Once I finish up grafting for this year, I turn my attention to pruning last year's successful grafts. The photo at right illustrates the typical appearance of a young grafted tree in its second leaf. Last year, I carefully pruned the graft to ensure a single, strong central leader. But this spring, the tree popped multiple new shoots from the terminal of last year's growth. If allowed to remain for the rest of this summer, these multiple shoots will create what is commonly known as a crow's foot and I will have lost my central leader. That is why I'm such a strong proponent of directive pruning. By pruning during the period of active shoot grow, I can "direct" the tree's new growth into maintaining a single leader.
To help focus the tree's growth energy into my new central leader, I also remove all lateral branches that arise from the main stem within the top 2 feet of the tree (measuring from the top of this year's new shoot growth). (photo above)
Since I still have the bamboo stake in place from last year, I tied the tree upright to encourage to formation of a straight tree trunk. Later this summer, I'll probably replace the bamboo with a longer (and stronger) tree stake that will help me keep this tree growing the way I want. I allow lateral branches to develop lower down on trunk (but above the graft union). Lateral branches will increase tree leaf area helping to capture more sunlight to produce the carbohydrates needed to sustain rapid tree growth. These lateral limbs also catch more wind which in turn promotes trunk diameter growth.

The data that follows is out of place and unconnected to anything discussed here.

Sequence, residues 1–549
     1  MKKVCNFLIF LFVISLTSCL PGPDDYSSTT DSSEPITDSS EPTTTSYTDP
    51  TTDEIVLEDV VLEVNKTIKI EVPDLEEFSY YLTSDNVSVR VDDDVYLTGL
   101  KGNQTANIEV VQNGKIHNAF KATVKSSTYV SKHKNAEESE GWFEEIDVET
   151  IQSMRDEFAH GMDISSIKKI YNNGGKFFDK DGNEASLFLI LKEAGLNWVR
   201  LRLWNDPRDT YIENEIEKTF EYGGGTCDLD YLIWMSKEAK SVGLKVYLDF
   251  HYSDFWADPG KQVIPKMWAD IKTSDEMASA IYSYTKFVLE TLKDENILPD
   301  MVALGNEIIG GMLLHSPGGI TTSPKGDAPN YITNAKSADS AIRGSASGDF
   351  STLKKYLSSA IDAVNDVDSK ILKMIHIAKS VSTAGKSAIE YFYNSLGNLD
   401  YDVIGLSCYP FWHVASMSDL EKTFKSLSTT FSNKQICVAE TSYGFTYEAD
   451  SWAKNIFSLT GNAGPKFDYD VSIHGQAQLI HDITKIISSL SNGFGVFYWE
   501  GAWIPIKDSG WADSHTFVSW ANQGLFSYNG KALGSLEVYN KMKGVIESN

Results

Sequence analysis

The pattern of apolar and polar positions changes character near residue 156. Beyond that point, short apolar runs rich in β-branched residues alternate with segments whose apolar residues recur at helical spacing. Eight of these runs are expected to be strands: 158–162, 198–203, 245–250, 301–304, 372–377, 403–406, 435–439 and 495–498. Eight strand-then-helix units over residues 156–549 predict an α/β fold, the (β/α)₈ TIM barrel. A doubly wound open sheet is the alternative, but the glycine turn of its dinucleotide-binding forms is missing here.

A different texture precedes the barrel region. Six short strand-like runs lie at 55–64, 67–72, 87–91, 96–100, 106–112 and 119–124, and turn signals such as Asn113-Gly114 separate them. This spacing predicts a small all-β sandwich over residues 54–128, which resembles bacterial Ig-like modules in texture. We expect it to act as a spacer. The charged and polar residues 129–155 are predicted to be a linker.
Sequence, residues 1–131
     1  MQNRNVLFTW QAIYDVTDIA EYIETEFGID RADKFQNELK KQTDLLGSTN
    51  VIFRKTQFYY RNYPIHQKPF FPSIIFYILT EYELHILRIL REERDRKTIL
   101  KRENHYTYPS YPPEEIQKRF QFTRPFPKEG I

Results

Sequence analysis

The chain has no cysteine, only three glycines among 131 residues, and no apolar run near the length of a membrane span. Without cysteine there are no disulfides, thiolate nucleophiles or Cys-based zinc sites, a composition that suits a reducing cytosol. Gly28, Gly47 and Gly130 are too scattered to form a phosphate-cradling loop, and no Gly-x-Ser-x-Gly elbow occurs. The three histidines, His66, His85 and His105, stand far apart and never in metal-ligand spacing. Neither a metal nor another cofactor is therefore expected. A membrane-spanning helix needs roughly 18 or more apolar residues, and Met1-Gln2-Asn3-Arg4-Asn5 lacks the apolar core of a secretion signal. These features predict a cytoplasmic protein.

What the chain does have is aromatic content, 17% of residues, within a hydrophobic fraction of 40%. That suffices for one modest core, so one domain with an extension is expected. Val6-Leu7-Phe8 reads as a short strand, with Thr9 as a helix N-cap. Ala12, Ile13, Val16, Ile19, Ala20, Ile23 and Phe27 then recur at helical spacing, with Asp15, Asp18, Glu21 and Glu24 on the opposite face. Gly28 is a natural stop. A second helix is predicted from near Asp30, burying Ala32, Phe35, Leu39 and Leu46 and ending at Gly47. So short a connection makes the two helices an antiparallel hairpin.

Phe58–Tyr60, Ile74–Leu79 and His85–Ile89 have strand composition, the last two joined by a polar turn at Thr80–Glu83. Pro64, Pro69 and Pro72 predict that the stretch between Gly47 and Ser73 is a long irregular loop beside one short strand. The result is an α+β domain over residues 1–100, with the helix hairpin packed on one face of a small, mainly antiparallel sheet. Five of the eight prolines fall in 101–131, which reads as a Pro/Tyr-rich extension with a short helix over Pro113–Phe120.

Whenever I go to prune a young tree, I always start at the top and work my way down. In this example, I have three shoots growing at the terminal but it appears I already have a strong central shoot. However, to reinforce the dominance of this new central leader, I'll prune off all competitors. Again, I stick to the 2 foot rule--No lateral branches within the top 2 feet of the central leader.
Many grower make the mistake of pruning all lateral branches off as soon as possible. Their thought is that by removing low limbs the tree will grow taller, faster. However this is not the case. Removing all laterals only serves to create a tall thin tree that bends over under it own weight, often snapping in a good wind storm. Nut production will also be delayed by over-pruning lateral limbs.
On my trees, I leave lateral branches on the tree until the tree has developed a nice full crown. At that point, I start to remove one or two low limbs each year. My goal is to develop a tree with 8 to 10 feet of clear trunk. However, it usually takes 12 to 15 years to get to that point.